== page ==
g = random 0 255
        b = random 0 255
        objectsInScene.material.materialList[index].diffuse = color r g b
for objInScn in geometry do 
    matType = objInScn.material as string -- material name and type return as string
    -- Parse Multimaterials by index and apply the same rules above
    if matchPattern matType pattern:"#Multi/Sub-Object:*" then
        indexCount = 1
        for miniMats in objInScn.material.materialList do
            miniMatType = miniMats as string -- this will give a name, like MaterialName:Standard
            -- evaluate in Multimat Mode
            allMats objInScn miniMatType indexCount
            indexCount = indexCount + 1
        -- evaluate
        allMats objInScn matType -1

Save to

scale your final model by 0.08333 (1/12) if you want 1 blender unit = 1 foot. If you don’t, and assuming you didn’t use clamp in the obj importer, 1 unit = 1 inch.

Ya know what?
Just try collada to lumion export plugin for revit, it will make your day. :wink:
Even got the right materials names.

Neat. I believe that will make my day. I’ll have to try it.

Thanks!!! This by far the best tip :wink:
I’ve been killing myself trying to get the workflow to work

[QUOTE=Juancamore01;2570957]Thanks!!! This by far the best tip :wink:
I’ve been killing myself trying to get the workflow to work[/F

FINALLY I have some workable solution:

Revit ->
Linked Revit File ->
DXF export ->
Sketchup import ->
Collada export (triangulate faces) ->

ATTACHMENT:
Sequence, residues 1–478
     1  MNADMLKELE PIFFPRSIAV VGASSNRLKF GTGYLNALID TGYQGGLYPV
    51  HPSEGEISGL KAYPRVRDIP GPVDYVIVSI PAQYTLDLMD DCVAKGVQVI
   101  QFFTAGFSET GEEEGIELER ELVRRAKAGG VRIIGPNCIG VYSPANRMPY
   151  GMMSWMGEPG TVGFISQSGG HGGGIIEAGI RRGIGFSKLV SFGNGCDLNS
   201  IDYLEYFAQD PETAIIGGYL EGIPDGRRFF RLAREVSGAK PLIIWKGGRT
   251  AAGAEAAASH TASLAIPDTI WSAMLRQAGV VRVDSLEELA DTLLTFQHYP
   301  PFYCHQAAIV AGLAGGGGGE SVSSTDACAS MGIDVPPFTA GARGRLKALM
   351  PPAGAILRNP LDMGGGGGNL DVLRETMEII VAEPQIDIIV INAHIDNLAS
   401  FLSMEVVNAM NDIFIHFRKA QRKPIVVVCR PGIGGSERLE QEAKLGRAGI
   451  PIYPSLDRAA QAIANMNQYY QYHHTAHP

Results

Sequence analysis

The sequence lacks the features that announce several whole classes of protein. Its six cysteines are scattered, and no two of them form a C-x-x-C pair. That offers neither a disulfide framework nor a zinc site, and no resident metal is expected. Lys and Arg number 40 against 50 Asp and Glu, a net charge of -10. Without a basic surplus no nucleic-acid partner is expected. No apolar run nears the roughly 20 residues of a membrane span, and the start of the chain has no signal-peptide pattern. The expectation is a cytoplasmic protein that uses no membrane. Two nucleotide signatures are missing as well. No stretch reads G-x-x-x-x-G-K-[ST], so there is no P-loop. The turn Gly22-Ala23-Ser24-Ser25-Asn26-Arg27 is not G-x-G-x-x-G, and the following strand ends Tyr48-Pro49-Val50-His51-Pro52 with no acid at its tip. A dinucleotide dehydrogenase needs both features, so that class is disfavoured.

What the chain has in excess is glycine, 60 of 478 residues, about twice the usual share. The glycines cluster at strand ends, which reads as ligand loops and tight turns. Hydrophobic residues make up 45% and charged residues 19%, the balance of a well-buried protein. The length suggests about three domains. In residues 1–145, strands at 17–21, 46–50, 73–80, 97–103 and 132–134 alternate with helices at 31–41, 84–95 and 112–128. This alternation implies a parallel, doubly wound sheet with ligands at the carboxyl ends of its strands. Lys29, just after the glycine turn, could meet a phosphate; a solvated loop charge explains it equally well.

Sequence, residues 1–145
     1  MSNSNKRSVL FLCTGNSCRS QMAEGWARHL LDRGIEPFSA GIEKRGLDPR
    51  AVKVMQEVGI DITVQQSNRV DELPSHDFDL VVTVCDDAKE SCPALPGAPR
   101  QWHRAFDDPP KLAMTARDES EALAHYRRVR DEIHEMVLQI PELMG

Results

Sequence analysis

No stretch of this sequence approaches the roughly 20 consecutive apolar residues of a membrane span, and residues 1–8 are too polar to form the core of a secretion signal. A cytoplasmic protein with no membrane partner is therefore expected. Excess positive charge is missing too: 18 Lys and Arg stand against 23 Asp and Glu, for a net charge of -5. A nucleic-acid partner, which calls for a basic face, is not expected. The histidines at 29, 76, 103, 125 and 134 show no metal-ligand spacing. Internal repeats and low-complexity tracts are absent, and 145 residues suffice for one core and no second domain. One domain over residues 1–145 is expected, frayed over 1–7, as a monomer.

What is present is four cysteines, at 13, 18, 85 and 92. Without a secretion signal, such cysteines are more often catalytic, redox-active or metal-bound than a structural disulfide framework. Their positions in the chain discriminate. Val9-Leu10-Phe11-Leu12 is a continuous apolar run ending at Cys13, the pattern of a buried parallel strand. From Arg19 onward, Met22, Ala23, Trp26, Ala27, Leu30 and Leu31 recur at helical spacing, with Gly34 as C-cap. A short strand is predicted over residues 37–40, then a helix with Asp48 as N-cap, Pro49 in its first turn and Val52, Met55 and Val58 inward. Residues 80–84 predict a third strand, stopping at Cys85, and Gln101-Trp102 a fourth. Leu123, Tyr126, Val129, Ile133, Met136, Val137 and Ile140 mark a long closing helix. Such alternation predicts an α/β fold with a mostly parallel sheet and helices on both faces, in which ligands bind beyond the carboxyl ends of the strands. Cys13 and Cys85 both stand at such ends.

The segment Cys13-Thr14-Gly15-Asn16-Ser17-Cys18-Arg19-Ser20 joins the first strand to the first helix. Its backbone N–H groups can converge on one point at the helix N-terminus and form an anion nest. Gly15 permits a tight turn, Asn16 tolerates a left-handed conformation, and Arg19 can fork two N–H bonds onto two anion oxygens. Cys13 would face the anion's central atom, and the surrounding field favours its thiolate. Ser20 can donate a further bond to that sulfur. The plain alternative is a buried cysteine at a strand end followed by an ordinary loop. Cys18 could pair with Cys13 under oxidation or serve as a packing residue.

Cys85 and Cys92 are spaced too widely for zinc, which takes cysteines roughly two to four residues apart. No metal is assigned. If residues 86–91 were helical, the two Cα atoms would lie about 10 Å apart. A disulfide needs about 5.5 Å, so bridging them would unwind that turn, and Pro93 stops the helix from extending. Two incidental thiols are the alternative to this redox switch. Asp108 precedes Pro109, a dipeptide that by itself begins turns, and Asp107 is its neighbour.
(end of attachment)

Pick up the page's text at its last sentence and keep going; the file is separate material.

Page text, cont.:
Blender import

No idea why this works, but if you link your revit model into a blank revit file, and export dxf or dwg from that second file, the file retains the material connections. Textures are not preserved, but the “shaded view” color is.

Tried with 3DX MAX 2016 and it works. Revit -> FBX -> 3DS MAX -> run script from this thread -> export FBX from MAX -> import into Blender. Materials are there.

UPDATE> But it creates one material for each object, ending up with a bunch of them :frowning:

UPDATE2> It work when exporting to .OBJ from MAX.

for revit export to obj, for best works revit “3D hologram creator” plugin

One more work through - Twinmotion Exporter for Revit plugin (to fbx)

Joins mesh by material, family ir type.
Can include textures in exported material

Thanks Edmis. This one works pretty well. I can also imagine it being pretty useful for game engines.

I never did try that collada plugin cyberjuls mentioned and now it’s a legacy download that isn’t supported anymore… so I feel a little sorry about that, but this new thing seems to work well enough.